The 2015 Constitution of Nepal is a document of compromise of competing values, norms, standards and procedures. After over 67 years of challenges including great political upheavals, change of guard in the political leadership, continuing economic deprivation, a violent conflict of a decade, geopolitical pressures, and victimisation of the constitutional process, we have finally been handed a document that makes new promises to the people. It upholds the principles of equality, diversity and growth. Anyone who has read the 2015 Constitution will agree that it reflects and addresses the subtleties of the makeup of Nepali society, with its diversity in demography, culture and geography. Whichever way one looks at it, the promulgation of this Constitution was a significant event because it completes the peace process, closes the uncertainties regarding the political system and paves the way for future constitutional progress.
I believe that the life of a successful constitution, no matter how democratic and human rights-oriented it is, depends on its consistent and effective implementation as well as timely reforms based on new developments in the country. Only when we, as the people, are able to foster a progressive and forward-looking environment can a constitution truly evolve to reflect a society, its people and their challenges. Without such an environment for rigorous implementation, continuing reviews and engaged citizens, the constitution is, what Late Prime Minister B. P. Koirala said, only "a straw of corn," after all. In other words, as Albert Einstein famously stated, “The strength of the Constitution lies entirely in the determination of each citizen to defend it. Only if every single citizen feels duty bound to do his share in this defense are the constitutional rights secure.”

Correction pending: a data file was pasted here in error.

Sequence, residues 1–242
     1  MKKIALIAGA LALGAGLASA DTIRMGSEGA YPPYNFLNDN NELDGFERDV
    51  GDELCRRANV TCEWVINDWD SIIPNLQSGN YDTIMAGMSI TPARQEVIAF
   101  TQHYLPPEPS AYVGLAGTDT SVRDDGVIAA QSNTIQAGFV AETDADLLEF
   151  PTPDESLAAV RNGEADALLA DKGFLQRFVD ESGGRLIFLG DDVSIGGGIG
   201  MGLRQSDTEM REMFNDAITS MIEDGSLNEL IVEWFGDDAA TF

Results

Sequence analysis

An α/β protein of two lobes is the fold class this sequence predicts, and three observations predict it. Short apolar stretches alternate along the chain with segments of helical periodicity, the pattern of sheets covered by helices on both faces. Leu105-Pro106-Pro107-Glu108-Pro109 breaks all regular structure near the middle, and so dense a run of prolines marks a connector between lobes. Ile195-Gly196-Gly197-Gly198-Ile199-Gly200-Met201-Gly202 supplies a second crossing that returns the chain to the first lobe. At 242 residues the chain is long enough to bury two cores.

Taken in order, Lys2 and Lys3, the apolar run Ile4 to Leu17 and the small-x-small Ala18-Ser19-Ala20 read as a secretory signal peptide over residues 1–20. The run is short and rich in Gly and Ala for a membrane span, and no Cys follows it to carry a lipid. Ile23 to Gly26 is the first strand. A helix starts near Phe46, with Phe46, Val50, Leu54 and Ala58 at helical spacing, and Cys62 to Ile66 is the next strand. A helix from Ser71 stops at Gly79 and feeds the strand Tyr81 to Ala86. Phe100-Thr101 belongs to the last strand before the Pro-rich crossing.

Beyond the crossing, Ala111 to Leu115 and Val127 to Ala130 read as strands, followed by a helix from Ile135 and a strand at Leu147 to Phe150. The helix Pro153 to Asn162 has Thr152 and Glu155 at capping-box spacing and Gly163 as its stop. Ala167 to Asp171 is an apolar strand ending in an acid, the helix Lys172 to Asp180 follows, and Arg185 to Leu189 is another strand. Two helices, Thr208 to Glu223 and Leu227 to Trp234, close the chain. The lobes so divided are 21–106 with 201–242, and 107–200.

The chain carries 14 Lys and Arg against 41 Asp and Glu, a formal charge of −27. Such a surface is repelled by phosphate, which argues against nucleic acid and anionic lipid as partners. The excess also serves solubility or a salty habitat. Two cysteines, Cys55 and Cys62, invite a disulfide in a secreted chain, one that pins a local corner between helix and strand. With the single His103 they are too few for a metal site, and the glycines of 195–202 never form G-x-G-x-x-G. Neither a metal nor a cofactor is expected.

This Conference gives us the opportunity to understand Nepal's new Constitution, analyze its contents, look into it in the larger socio-economic and comparative context, and review the implementation challenges. It has been three years since the Constitution was promulgated; the implementation of many articles in the Constitution has been set in motion. The norms and standards defined by the Constitution have begun to materialize. Three years later, however, we still see new challenges unfolding, and we must stay open-minded and progressive if we are to truly make this Constitution a document of our time. I am sure our deliberations here will help us look backward and move ahead with renewed determination.
In spending the long but rewarding hours preparing for this Conference, I have hoped that it is productive and informational to all our attendees. Through the panels that we have organized for the next two days, I hope that we are able to exercise timely thoughts, analysis, and conclusions on various discussions topics, which span from the constitutional rule of law, checks and balances to the rights of marginalized to vulnerable communities, inclusion, federalization and many other important issues.
I expect that this Conference will achieve its objective of creating a pool of knowledge that will help the country and people move forward with renewed faith and determination.
Before I conclude I also want to thank First President Dr Ram Baran Yadav for kindly sending his written message to the organizers for the successful completion of this Conference.
Thank you once again for being here.
[Convenor Dr Bipin Adhikari introducing the Conference at the Launching of The Conference on the Constitution of Nepal, August 11, 2018]